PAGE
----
A local authority’s leadership team has fostered a “dynamic, professionally fertile” environment where social workers are happy and children are effectively safeguarded, Ofsted has said.
In a report on Camden children’s services, published on Friday, inspectors found the council’s leadership, management and governance and adoption services to be ‘outstanding’.
Overall the borough maintained the ‘good’ rating it had received when Ofsted last visited in 2012.
“Leaders and managers in Camden think deeply and creatively about how to continually improve the lives of disadvantaged and vulnerable children and families,” inspectors said.
“Social workers enjoy working in Camden and benefit from manageable caseloads and analytical, reflective group supervision.”
‘Highly developed partnerships’
Inspectors praised the service’s work with partner agencies repeatedly, identifying “highly developed arrangements and shared priorities enable children and their families to access the right help at the right time.”
An extensive and “increasingly integrated” range of early help and family support was available to complement and broaden the provision of universal services, inspectors found. As a result, many children’s circumstances improved, avoiding the need for statutory interventions.
A well-developed multi-agency approach also enabled effective responses in more serious situations, such as when dealing with young people at risk of sexual exploitation, radicalisation or involvement in gangs, inspectors found.
“Senior managers anticipate and demonstrate an understanding of the complexity and interdependencies of multiple risks for children,” they said. “Extensive multi-agency partnerships, including the police, children’s social work, youth offending service, CAHMS, public health, clinical commissioning group (CCG) and the voluntary sector, coherently respond to intervene and protect children.”
Underpinning the council’s strategic work was a system of “thoughtful support” that enables social workers to play an active role in developing practice and organisational culture, Ofsted found.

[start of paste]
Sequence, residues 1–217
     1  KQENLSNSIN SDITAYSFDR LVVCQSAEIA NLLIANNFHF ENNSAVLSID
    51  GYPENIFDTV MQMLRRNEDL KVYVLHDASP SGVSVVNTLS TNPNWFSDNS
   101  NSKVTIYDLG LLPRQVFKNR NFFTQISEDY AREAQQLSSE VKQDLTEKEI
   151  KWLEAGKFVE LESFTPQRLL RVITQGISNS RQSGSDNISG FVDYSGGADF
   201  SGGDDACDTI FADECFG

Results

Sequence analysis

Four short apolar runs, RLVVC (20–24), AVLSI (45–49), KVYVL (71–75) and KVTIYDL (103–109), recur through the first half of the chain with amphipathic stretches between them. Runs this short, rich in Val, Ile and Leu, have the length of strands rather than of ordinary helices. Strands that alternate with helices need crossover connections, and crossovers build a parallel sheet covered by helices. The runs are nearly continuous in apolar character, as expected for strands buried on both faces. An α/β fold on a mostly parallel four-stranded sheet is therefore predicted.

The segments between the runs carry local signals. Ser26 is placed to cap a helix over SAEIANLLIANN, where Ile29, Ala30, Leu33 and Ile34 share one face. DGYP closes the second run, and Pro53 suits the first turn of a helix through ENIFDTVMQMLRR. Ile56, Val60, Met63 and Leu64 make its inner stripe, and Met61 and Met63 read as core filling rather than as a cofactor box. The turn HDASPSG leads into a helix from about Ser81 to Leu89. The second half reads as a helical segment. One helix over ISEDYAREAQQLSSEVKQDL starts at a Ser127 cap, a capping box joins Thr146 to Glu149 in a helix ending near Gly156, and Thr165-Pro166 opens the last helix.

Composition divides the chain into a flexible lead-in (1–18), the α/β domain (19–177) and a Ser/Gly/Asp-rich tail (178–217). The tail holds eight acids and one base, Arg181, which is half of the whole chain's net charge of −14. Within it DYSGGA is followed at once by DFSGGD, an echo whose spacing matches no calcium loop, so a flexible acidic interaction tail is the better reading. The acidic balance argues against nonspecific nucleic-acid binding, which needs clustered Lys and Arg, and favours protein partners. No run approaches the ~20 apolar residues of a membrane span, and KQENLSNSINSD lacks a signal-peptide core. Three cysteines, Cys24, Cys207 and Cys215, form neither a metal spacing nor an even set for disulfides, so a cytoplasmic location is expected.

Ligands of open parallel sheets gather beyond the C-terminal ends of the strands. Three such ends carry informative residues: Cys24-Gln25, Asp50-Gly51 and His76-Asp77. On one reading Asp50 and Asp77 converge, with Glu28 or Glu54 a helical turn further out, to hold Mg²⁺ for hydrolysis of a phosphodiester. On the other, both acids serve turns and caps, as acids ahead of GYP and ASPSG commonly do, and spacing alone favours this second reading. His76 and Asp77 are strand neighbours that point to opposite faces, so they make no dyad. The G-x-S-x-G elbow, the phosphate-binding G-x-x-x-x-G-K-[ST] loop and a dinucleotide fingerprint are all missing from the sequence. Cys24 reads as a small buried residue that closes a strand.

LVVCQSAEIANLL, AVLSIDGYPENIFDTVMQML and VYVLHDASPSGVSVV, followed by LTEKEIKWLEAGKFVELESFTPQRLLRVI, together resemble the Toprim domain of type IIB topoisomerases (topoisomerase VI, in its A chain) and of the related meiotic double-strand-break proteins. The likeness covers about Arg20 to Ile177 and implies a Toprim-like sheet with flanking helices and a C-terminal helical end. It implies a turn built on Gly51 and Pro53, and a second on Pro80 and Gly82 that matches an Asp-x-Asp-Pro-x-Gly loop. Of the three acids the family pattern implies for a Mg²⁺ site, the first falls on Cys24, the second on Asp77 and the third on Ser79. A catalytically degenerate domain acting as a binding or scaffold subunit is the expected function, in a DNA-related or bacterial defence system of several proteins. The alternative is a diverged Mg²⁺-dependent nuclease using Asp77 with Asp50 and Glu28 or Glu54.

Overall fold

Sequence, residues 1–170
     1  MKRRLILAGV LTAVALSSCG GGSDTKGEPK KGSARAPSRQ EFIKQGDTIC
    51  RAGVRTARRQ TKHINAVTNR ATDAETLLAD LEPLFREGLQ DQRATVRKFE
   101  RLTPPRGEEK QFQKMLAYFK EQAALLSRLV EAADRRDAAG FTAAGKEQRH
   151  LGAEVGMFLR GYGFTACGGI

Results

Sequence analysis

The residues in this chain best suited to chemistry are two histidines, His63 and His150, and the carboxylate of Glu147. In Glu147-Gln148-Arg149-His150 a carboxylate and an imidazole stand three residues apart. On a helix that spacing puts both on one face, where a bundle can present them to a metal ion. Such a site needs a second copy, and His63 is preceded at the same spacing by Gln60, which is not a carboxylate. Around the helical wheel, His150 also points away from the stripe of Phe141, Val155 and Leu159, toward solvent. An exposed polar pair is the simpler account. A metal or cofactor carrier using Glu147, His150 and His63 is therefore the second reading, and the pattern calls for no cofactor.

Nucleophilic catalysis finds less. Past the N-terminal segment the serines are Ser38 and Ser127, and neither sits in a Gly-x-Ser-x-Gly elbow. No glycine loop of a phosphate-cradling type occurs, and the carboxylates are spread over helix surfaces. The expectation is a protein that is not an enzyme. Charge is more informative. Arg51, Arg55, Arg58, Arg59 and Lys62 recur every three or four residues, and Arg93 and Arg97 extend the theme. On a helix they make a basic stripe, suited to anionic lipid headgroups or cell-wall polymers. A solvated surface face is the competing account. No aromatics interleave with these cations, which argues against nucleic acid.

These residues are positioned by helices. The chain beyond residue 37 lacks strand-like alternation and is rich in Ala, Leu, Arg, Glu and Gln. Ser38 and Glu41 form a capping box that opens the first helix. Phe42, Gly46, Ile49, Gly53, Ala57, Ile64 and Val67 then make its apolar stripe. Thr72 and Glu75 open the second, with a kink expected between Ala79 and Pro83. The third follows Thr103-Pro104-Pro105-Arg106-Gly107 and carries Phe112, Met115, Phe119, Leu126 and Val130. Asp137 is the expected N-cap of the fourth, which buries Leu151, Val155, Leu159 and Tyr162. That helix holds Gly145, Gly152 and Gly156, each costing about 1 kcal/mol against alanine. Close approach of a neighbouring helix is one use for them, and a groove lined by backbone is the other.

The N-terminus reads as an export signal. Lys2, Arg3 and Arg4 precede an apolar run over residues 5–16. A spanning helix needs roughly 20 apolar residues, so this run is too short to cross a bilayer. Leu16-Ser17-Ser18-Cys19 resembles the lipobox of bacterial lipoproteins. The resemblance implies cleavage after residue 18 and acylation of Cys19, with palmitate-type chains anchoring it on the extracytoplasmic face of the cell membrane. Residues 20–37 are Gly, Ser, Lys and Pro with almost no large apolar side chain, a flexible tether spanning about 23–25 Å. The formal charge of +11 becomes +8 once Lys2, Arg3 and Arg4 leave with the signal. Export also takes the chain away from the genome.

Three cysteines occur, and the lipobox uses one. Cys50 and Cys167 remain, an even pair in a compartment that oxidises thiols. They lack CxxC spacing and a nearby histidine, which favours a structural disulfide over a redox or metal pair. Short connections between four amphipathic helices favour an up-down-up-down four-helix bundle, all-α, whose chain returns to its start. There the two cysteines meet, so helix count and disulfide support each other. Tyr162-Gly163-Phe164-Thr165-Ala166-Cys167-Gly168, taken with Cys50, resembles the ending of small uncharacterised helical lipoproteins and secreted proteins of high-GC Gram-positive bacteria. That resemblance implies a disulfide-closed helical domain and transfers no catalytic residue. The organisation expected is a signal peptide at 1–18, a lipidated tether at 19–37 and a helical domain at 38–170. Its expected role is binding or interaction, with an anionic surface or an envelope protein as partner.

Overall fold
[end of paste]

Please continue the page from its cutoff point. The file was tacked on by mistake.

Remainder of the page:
A “highly active and visible” principal social worker had played a key role in phasing in a systemic practice model, while frontline staff were empowered to experiment with new ideas and be “innovative in their decision-making”.
As well as social workers, children and young people continued to play a key role in developing services, inspectors said. For example, managers had responded to feedback from looked-after children, changing systems so they no longer have to change social workers when they turn 16.
Senior managers also continued to promote and sustain long-term investment in the work of young inspectors, Ofsted noted. “Their work is outstanding and exceptional in its range and quality.”
It added: “Young inspectors scrutinise areas across the service that are complex and emotionally challenging. They engage children and seek their views, informing subsequent recommendations and plans.”
While Ofsted inspectors hailed Camden’s ‘outstanding’ adoption services, which they said were characterised by a “real sense of urgency”, they flagged up a few areas that could be improved. These included looked-after children’s access to advocacy and independent visitors, and adherence to timescales around some safeguarding procedures.
‘Dedicated and tenacious staff’
Angela Mason, Camden council’s cabinet member for best start in life, said it was right that the local authority’s “bold approach” had been praised by the inspectors.
“Established partnerships and early intervention enables us to help large numbers of families across Camden when things start to go wrong, providing the right support at the right time, successfully reducing the need for many families to receive ongoing statutory involvement,” Mason said.
“The report recognises the dedication and tenacity of our staff, who regularly go above and beyond for children and families across Camden,” she added.
Dominic Clout, the independent chair of Camden’s safeguarding children board, which Ofsted also rated ‘outstanding’, said the challenge was now to “build on the council’s outstanding work and go forward together as a partnership”.
Shropshire and South Tyneside also ‘good’
Inspection reports for children’s services at South Tyneside and Shropshire were published at the same time as Camden’s. Both local authorities also received ‘good’ ratings.
South Tyneside, like Camden, scored top marks for its adoption services. Inspectors noted an “impressive pace of change” at the council, commenting that its chief executive was “resolute in his ambition” to provide outstanding services for children.
While there were still “missed opportunities” in some areas, Ofsted praised South Tyneside’s “strong and dynamic” multi-agency working, which was leading to effective management of risk.
In Shropshire, which was judged ‘adequate’ on Ofsted’s previous visit, inspectors said leaders had “systematically developed and improved services for children”. The recruitment of a number of new managers over the past 18 months had led to a “reinvigorated focus” on practice improvement in safeguarding children, Ofsted said.
There was still room for improvement elsewhere, particularly in services for looked-after children, which were rated ‘requires improvement’.